Yarmouth Primary School governors are coming under further intense pressure from the local community to re-think their support for the closure of the school, and the relocation of its young pupils to a re-built site in Freshwater.
The governing body initially opposed the plan, but then made a surprise U-turn during last summer’s school holidays. That prompted one governor, and former deputy head, Mark Webber, to resign.
Now there is the threat of legal action by campaigners fighting to save the school. A letter has been sent to chair of governors Carla Bradshaw by solicitors acting on behalf of Keep Yarmouth School in Yarmouth campaigners, calling on the governing body to abandon the plans or face a judicial review.
The campaigners’ legal letter stated: “Proper consultation was particularly important given that the Council had already, unlawfully and unfairly, purported to exercise a power to affect the proposed transfer and those affected were distrustful of the council. The consultation now being carried out cannot satisfy the standard and fundamental public law requirement.”
Ms Bradshaw said it would be inappropriate to comment on behalf of the governors while the decision was pending.
The IW Council recently released its latest report on plans to reduce the number of surplus school places in the West Wight, and the report that went before cabinet last night recommended the closure of All Saints CE Primary School in Freshwater, providing the Yarmouth governors support moving their school to the Freshwater site.
Steve Cowley, the Mayor of Yarmouth was planning to make another plea to the Isle of Wight Council cabinet last night to reconsider, and Kevin Shaw, former chair of the Yarmouth School governors, added his weight to halting the relocation by claiming it would rip the heart out of the local community. He also questioned whether there are even funds available to re-build on the site of All Saints School in Freshwater.
Mr. Cowley was hoping to convince Cabinet members to re-think their plan by pointing out that the Keep Yarmouth School in Yarmouth campaign is ‘a determined and well-funded group and our legal team know that neither you nor the governors have followed all the correct legal procedures’.
He continued: “I am therefore offering an olive branch. Will you meet with us to discuss the way forward that will fulfil both of our ambitions in providing the best education for the children of the West Wight whilst not damaging Yarmouth’s community?
“We are a large community as many people in Freshwater and Shalfleet parishes identify with it. There are over 30 businesses in the town who oppose closing Yarmouth school. Tapnell Farm Park, one of the Island’s major tourist attractions is in the Thorley ward of Yarmouth Town Council, and has supported our campaign.”
Kevin Shaw was the Chair of Governors at Yarmouth School who led the fight with the IW Council in 2008-10 to prevent its closure in the restructuring of Island schools into a two-tier system, not least by working to establish its successful federation with Shalfleet.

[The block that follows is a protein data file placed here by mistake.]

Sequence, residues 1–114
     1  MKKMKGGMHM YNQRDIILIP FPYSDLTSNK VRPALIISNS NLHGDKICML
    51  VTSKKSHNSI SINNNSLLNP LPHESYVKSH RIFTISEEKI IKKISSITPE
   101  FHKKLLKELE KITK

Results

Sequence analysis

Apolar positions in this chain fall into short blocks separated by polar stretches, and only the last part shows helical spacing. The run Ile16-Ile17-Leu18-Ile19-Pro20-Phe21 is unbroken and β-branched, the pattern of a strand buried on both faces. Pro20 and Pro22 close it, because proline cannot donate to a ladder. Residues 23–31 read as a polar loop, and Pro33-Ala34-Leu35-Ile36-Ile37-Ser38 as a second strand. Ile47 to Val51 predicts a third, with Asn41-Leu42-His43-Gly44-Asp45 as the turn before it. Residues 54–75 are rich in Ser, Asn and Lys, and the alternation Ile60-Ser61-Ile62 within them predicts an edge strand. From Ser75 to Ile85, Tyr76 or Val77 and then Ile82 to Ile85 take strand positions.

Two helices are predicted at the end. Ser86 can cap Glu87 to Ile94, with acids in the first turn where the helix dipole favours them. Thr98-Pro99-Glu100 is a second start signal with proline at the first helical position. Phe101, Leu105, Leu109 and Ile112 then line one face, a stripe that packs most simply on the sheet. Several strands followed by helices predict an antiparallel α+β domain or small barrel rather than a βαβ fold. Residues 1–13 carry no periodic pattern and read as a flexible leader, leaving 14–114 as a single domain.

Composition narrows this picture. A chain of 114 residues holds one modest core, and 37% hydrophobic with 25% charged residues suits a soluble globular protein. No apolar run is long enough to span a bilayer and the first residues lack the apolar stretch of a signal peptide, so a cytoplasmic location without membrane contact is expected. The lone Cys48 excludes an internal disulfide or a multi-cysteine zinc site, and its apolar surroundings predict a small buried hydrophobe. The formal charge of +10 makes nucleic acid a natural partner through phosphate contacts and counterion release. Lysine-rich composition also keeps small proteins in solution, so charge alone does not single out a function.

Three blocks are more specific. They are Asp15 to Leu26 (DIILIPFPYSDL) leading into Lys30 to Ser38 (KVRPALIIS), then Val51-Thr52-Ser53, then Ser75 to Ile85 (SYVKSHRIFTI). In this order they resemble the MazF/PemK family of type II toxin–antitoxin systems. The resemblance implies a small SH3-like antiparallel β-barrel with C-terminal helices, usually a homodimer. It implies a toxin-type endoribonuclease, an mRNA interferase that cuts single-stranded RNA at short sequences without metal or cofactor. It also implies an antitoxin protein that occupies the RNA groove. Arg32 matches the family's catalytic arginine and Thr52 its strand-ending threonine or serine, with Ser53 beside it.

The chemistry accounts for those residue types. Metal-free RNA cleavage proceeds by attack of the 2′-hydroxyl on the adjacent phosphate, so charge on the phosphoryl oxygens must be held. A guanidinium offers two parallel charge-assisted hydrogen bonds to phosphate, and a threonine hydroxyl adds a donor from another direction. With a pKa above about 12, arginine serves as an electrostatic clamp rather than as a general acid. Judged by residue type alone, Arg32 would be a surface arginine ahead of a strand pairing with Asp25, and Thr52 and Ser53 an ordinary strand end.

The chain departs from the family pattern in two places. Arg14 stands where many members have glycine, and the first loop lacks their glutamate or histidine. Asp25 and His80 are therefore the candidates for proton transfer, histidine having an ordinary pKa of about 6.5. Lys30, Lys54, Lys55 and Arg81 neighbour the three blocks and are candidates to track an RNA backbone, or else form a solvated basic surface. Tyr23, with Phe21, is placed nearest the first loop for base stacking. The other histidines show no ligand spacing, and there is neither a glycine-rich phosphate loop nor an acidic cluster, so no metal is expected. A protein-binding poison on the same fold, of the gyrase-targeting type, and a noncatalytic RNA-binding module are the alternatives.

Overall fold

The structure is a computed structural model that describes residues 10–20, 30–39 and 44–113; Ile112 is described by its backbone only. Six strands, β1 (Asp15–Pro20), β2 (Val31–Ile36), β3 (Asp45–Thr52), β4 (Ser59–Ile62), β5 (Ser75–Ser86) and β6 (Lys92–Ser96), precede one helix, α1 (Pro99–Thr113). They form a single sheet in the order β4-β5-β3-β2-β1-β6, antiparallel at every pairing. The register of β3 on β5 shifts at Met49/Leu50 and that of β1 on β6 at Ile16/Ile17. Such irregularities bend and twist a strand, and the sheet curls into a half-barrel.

A former teacher who has worked in education throughout his career, he said: “The idea is to pack all the children from All Saints into Yarmouth School and temporarily overload it for perhaps two years until a new school on the current All Saints site in Freshwater is built with money which has never been validated. No one appears to have ever seen a single piece of written evidence that the money is there, or even promised.
“Whenever there have been public meetings, and in all presentations, there is talk about an earmarked fund, but no one can tell us how much it is, when it is going to happen, or if indeed, it will. To me it beggars belief that either the IW Council/Cabinet or the Governors of Yarmouth & Shalfleet, are following this complex and ambitious plan based on something that has not yet been verified by anybody. I think this whole scheme appallingly disruptive, educationally ill-conceived and riddled with a lack of logic.
“It is awful for the parents of Yarmouth, as it is for those of All Saints, who do not know with any certainty what will happen to their children. Initially, last summer the school Governors took their time to consider the proposal carefully, but, having done so, concluded it was not feasible, and rejected it with extensive well-reasoned logic. With their continued opposition, the whole extraordinary idea would have collapsed and more sensible alternatives sought.
“Unfortunately, they were clearly put under undue pressure by County Hall and suddenly announced a complete volt-face, fearful of the alternatives. Had I still been involved, I would have stood my ground against it, and I think we would have won the case for common sense.
“Beyond all this, something that seems to have been ignored by everyone is that this will be a terrible loss to what is one of the tightest, most active communities you could find anywhere. The children are the key ingredient and heavily involved in so many events in the local community every year: Pancake Races in the Square, Easter Duck races on the river, Carnival Week, torchlight procession and Fireworks, Carols in the Square. It would be a tragedy for both the community and the children to lose all that by moving them to Freshwater.”
Councillor Paul Brading, cabinet member responsible for education said: I do not know what decision the governors will make on Monday, but the Council responded positively to their request for support to move Yarmouth School to the Freshwater site if that was the outcome of their consultation. I would find it very disappointing if people are attempting to tie up educational progress in any form of legal challenge.